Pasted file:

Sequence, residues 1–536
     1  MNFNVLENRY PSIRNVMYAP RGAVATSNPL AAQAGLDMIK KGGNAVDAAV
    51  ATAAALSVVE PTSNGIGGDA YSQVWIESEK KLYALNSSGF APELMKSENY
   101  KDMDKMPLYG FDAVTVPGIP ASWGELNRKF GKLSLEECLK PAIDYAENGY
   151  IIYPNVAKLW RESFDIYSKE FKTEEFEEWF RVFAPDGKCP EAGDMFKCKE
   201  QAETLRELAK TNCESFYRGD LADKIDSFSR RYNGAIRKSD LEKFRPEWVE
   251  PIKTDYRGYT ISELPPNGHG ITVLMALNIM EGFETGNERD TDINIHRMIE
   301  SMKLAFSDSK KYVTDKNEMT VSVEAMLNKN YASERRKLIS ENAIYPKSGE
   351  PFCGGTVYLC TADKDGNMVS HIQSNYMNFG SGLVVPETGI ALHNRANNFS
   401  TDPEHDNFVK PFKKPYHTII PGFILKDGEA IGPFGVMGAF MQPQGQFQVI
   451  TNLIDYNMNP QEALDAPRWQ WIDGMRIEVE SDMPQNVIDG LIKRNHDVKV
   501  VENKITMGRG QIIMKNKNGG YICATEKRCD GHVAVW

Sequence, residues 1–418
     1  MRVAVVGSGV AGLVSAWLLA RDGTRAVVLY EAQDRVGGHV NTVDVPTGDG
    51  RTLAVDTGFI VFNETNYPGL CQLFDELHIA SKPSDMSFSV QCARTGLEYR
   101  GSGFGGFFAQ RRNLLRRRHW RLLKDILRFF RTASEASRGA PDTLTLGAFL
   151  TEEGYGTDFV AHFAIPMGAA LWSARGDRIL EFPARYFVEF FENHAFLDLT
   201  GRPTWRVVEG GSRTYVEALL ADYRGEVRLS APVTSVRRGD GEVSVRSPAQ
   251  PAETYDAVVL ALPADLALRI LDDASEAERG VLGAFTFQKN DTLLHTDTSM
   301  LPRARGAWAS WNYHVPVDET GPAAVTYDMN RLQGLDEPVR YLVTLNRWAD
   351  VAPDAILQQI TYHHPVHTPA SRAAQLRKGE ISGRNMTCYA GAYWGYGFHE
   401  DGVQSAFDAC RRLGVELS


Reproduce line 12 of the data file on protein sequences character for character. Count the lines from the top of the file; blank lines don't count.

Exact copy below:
   501  VENKITMGRG QIIMKNKNGG YICATEKRCD GHVAVW